For your summer reading pleasure

Ed
Ed Smith
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Ed's note: In this hot and sticky week, I thought I'd do something different and introduce to you a short section from one of my upcoming books, "A Splendoured Thing." I have three novels in various stages of completion at the moment.

She was perhaps 19 and much prettier than the proverbial picture, with or without the much lamented Foster and Allen's "beautiful picture frame."

The view from here - Ed's note: In this hot and sticky week, I thought I'd do something different and introduce to you a short section from one of my upcoming books, "A Splendoured Thing." I have three novels in various stages of completion at the moment.

She was perhaps 19 and much prettier than the proverbial picture, with or without the much lamented Foster and Allen's "beautiful picture frame."

The eyes were a translucent blue. I knew looking into them that very few would be fortunate enough to reach their depths. Even fewer would be permitted to try.

Our eyes met and held for only a moment before she turned back to the boy who was speaking to her with some animation.

I was in a group of high spirited young people and acutely aware that they all knew each other from childhood while I was practically a stranger among them.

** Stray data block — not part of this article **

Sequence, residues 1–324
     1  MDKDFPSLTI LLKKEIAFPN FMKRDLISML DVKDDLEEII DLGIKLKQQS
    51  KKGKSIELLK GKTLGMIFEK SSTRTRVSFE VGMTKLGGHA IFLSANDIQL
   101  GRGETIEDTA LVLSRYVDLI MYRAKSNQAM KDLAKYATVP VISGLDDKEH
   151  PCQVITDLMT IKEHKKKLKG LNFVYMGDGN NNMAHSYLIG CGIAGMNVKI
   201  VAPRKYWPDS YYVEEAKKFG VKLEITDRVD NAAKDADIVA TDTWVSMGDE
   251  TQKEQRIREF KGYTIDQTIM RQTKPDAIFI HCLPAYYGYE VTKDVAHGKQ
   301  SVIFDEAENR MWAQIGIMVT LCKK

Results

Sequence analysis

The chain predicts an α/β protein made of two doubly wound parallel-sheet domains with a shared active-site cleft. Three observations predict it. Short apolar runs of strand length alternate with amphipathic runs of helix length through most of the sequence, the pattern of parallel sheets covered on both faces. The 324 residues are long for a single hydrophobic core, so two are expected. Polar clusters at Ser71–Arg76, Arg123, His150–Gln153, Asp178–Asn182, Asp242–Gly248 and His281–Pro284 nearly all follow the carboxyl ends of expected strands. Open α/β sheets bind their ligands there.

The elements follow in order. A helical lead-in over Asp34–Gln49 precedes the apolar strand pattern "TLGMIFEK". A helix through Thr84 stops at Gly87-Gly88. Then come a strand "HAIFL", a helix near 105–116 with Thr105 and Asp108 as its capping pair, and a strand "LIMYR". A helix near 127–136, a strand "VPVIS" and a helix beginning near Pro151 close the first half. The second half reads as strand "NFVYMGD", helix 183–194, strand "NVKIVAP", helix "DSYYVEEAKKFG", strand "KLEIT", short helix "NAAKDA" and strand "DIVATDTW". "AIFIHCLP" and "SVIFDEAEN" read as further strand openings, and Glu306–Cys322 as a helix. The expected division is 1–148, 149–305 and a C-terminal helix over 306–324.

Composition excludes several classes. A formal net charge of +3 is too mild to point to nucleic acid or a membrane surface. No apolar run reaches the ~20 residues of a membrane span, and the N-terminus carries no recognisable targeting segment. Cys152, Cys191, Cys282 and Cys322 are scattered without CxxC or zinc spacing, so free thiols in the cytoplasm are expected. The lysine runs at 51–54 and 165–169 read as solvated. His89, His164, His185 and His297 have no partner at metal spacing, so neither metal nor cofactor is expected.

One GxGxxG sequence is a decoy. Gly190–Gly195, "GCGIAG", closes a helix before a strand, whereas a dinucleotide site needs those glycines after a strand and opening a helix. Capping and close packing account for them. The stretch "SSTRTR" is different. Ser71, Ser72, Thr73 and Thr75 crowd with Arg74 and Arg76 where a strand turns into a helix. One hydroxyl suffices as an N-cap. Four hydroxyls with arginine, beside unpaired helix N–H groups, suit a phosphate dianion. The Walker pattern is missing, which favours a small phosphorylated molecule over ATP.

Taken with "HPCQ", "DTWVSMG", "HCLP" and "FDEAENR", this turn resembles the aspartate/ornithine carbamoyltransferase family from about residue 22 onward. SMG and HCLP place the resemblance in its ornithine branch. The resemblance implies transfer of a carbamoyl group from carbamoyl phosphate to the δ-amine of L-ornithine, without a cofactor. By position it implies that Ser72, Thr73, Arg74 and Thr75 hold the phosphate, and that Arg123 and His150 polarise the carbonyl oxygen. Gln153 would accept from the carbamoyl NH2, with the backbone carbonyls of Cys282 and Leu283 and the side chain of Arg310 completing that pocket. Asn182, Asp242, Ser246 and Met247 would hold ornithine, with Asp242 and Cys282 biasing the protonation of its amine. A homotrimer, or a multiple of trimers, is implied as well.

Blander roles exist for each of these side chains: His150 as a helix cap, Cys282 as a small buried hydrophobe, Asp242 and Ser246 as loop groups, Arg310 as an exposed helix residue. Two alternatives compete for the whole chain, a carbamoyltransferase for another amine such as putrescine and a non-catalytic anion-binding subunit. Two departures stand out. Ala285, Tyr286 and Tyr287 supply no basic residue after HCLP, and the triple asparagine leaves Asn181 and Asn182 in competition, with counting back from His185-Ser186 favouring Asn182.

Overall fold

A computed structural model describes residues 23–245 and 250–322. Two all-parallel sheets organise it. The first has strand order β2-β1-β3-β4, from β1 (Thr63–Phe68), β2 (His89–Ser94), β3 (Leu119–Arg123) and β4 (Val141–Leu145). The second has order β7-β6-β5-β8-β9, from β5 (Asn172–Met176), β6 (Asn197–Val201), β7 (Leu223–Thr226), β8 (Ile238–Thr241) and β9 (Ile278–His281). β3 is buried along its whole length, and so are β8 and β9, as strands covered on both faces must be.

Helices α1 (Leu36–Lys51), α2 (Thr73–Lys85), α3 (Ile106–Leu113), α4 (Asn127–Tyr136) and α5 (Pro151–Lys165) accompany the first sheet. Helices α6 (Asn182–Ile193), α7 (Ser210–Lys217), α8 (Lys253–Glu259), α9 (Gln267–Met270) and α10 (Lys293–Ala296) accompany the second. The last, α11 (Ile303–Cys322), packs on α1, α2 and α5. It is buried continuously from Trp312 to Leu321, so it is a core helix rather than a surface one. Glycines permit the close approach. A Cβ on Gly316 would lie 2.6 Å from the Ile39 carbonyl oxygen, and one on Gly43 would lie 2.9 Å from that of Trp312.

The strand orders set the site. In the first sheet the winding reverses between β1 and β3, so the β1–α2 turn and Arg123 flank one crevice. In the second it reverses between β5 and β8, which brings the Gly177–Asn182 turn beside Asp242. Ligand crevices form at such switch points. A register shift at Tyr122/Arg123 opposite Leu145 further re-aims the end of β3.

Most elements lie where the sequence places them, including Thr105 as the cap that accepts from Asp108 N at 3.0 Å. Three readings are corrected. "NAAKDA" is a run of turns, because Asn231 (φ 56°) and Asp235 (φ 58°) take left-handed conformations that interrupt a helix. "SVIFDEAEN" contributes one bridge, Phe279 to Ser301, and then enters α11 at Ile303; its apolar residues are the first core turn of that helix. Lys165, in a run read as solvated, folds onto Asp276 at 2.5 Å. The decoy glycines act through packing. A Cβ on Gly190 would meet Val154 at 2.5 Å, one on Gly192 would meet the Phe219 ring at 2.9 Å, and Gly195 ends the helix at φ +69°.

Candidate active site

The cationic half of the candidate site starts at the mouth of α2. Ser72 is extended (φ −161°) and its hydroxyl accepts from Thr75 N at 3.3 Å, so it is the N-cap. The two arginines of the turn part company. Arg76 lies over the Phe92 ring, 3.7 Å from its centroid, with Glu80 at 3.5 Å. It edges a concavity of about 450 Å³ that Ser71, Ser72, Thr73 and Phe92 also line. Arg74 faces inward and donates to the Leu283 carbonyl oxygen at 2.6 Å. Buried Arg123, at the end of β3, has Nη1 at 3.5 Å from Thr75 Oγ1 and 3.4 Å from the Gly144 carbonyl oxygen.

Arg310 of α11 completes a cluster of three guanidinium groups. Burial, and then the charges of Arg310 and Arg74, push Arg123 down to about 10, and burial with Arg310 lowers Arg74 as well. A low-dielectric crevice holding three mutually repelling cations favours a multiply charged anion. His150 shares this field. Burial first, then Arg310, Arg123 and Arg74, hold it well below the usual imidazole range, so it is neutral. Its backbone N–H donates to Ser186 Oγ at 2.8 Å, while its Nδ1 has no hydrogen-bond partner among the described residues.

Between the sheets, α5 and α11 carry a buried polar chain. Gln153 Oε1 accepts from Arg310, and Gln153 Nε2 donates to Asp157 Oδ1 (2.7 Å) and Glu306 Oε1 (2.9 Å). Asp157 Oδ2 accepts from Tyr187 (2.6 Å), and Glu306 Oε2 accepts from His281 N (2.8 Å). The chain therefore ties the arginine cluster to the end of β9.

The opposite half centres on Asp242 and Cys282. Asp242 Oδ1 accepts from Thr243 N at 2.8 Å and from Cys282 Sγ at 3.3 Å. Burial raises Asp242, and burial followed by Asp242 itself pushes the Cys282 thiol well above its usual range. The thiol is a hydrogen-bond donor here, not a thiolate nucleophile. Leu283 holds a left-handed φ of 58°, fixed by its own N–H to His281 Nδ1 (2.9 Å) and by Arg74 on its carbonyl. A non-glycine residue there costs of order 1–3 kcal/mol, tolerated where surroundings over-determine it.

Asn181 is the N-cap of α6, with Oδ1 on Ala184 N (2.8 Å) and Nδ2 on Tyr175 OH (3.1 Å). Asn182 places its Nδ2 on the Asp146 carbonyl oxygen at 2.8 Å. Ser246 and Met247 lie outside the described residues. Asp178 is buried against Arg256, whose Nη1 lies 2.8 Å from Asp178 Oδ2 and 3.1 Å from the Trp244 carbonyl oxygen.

The fact that I had taught a few of the younger people senior high school English in their final year was hardly competition for lifelong familiarity.

I wasn't returning in the fall.

She wasn't in my class. In those days of church-sponsored education she had graduated from another school in the same community but another communion.

Thinking about it, I realized how much the two words had in common. They meant much the same thing but in fact in most little towns "communion" only succeeded in keeping people in the same "community" separate.

What an insight! It also explained why in this July I had never seen her before. I was beginning to develop a strong dislike for the word "communion" because I was really interested in getting to know her.

I had seen my buddy, Philip, sidling up to her earlier but now he was nowhere to be found. I needed his advice here badly.

We were at a house party while the parents of the host were away on vacation.

As far as I could tell, the party had been going on for two or three days, including the intervals between the more intense sessions.

It would be considerably good news for mine host, Jackson, if his dedicated Salvationist parents never did find out what went on in that house during that time.

I had seen enough myself and heard enough from Philip and friends to be fairly certain that had Jackson's father found out about even 10 per cent of it, he would have taken a sharp knife by the handle and his son by the back of the neck and led him to a high rock for sacrifice.

If Abraham had been there with his son, Isaac, preparing for the same rather bloody act of worship, it is likely that Jackson Sr. would have elbowed Abraham out of the way to get to the gory rock of sacrifice first.